News | Panel discusses Black and Palestinian social justice movements

Panelists emphasize solidarity between marginalized groups

As part of the Montreal Israeli Apartheid Week event series, activists Kezia Curtis, a member of Black Lives Matter Detroit, and Brittany King, a member of the Dream Defenders, a social justice group, spoke at a panel discussion called “Black Perspectives on the Question of Palestine” held on March 17.

The panel was organized by the Black Students’ Network (BSN) and McGill Students in Solidarity for Palestinian Human Rights (SPHR), and explored “transnational solidarity between the movements for justice for Black people in North America and movements for justice for Palestinians in Israel and the Occupied Territories.”

“If [activists] are going to be successful in doing the work that we aim to do, then it is so important for us to engage in solidarity with other oppressed and marginalized groups.”

Curtis and King highlighted their experiences as activists working within the Black and Palestinian struggles, and emphasized the need to decolonize the mind in order for solidarity networks to thrive.

Ryan, one of the organizers of the event, told The Daily that he believes that “if [activists] are going to be successful in doing the work that we aim to do, then it is so important for us to engage in solidarity with other oppressed and marginalized groups.”

The panelists noted the historical parallels between the Palestinian and Black social justice movements, with both populations still facing state-sanctioned racism and violence.

Curtis spoke about her experiences as a Black woman travelling within Palestine. It was like “looking at Detroit in a different part of the world,” Curtis said with regards to her trip to Palestine. Curtis also spoke about how violence was experienced on a very real, day-to-day basis, particularly at the university she visited.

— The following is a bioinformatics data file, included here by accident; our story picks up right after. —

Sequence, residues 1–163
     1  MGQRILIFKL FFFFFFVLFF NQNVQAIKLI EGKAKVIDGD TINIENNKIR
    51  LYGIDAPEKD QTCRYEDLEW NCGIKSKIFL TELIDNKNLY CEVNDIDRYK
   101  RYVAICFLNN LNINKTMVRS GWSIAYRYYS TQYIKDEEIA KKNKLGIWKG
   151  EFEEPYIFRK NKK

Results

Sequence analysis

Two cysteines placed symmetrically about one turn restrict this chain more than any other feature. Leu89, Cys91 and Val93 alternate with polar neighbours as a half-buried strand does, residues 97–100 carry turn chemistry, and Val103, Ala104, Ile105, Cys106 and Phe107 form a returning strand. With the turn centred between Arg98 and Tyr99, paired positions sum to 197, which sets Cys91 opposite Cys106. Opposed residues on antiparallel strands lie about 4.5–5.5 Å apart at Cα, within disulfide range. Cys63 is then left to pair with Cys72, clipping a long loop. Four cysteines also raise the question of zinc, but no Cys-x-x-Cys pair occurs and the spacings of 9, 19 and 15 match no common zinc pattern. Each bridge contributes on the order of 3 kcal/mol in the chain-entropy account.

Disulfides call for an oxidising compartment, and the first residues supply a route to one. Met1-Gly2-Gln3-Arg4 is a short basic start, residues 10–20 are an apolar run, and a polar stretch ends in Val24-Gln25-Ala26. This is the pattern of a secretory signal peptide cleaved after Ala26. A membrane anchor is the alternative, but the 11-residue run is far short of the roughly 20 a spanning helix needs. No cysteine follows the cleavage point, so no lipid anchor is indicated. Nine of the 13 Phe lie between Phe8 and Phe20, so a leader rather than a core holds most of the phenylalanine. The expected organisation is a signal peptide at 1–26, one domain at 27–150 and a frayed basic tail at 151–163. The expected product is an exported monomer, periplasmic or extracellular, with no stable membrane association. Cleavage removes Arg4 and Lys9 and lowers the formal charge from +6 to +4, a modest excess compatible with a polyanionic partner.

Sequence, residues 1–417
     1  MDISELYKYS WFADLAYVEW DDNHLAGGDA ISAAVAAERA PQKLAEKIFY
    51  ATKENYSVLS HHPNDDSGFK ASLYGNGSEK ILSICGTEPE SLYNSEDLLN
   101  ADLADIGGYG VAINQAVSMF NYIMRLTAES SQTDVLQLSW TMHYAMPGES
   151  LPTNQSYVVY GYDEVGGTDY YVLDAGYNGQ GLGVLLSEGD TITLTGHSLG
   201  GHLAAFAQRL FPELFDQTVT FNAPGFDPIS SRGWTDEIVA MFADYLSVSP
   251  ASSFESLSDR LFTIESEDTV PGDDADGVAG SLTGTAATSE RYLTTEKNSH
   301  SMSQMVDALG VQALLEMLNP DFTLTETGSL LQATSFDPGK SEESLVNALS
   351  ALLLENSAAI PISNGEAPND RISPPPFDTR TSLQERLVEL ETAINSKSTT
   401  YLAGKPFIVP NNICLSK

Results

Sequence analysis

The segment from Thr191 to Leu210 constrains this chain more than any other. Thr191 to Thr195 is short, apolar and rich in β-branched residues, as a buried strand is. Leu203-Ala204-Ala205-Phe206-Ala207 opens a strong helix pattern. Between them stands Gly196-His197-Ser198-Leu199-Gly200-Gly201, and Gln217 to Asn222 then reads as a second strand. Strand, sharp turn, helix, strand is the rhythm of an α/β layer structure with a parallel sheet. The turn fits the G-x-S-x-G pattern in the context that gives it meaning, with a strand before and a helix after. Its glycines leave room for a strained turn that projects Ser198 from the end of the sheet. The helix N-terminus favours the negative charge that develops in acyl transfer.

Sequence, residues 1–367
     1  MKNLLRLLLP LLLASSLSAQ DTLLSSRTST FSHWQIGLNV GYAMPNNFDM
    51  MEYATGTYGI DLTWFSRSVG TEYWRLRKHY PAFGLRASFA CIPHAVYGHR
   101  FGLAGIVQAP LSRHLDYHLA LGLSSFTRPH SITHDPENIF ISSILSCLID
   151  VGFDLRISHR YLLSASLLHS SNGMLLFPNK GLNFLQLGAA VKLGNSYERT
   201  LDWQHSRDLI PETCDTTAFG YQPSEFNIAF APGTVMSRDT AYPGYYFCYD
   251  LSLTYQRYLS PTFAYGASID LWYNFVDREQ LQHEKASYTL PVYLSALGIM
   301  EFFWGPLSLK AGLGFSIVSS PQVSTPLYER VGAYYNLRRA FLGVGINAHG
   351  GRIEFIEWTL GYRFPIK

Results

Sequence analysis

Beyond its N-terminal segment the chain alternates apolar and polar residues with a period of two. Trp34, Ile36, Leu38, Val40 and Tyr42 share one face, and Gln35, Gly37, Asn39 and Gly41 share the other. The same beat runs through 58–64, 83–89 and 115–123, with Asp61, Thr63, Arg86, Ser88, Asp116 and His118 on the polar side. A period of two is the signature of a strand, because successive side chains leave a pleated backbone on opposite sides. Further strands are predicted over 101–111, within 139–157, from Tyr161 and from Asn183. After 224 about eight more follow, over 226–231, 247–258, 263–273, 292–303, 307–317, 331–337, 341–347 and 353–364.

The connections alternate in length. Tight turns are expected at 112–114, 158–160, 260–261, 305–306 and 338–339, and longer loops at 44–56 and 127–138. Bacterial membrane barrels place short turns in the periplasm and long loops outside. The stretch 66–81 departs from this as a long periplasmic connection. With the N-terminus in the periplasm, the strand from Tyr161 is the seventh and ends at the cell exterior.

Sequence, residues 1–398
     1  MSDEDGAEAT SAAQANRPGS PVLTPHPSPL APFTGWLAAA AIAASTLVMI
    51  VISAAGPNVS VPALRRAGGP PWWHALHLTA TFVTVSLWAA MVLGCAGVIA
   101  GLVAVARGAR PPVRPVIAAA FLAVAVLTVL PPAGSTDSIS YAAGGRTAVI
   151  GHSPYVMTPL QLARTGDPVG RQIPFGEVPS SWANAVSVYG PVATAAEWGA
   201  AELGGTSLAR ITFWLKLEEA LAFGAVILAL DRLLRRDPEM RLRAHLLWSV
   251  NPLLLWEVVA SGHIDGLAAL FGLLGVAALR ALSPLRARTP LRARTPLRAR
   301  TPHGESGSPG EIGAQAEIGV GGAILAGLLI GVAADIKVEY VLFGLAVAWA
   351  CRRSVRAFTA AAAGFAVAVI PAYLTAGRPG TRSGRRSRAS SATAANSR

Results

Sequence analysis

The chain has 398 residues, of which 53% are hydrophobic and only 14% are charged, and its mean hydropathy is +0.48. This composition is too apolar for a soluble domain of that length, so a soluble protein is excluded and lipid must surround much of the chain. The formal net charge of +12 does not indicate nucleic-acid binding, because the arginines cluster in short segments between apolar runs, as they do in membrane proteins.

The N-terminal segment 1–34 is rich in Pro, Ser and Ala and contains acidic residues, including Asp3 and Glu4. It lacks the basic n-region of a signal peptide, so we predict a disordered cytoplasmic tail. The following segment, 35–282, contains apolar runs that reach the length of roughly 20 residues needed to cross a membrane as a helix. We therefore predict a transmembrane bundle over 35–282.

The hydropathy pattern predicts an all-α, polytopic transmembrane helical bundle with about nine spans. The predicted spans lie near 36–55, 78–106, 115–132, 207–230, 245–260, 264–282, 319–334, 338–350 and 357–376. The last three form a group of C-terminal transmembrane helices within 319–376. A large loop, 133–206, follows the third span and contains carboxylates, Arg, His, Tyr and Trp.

Curtis and King also spoke about other related issues faced by both Black people in the U.S. and Palestinians, such as gentrification, limited access to land and farming, and militarization of settler-colonial states.

Curtis further noted a crucial difference between the U.S. and Palestine which she witnessed on her trip – the outright and explicit violence, guns, weaponry, and tear gas constantly being used against Palestinians in Hebron, in contrast to the significantly less militarized nature of the violence in the U.S..

Anti-Black racism in solidarity movements

The panel also highlighted the importance of challenging anti-Black racism within solidarity movements.

“Part of […] solidarity includes critical self-reflection in order to avoid being complicit in the oppression of other groups, especially in the case of anti-Blackness.”

Ryan pointed out that “part of […] solidarity includes critical self-reflection in order to avoid being complicit in the oppression of other groups, especially in the case of anti-Blackness.”

King also stressed the need for self-reflection and critical thinking to challenge instances of global anti-Blackness. King argued that social media and mainstream media act as ways that uphold anti-Blackness. For example, King explained, the stigma that Black Muslims face in Muslim communities – a phenomenon perpetuated through social media – is evidence to this.

As a Black woman, she added, it is important for her to stand in solidarity with other oppressed people. “Anti-Blackness won’t stop unless we challenge ourselves,” King explained.

“Anti-Blackness won’t stop unless we challenge ourselves.”

In an interview with The Daily, a student who attended the panel noted, “I thought it was encouraging that [the panelists] were working on the ground in their own communities to educate people on anti-Blackness and how to decolonize a mindset that’s been so largely ingrained in society.”

King added that a critical understanding of how colonization affects all people should unite seemingly disparate justice movements. “For me, it’s just all about education,” she said. “If you see that my struggle and your struggle are the same […] that will make that solidarity more attainable.”

“If you see that my struggle and your struggle are the same […] that will make that solidarity more attainable.”

Michelle Blassou, a member of the BSN, told The Daily that the talk raised important parallels, and that “uniting around the idea that the colonial state will always be against both of us leaves a lot of work to do.”

A previous version of this article erroneously stated that Aja Monet also attended the panel. The Daily regrets the error.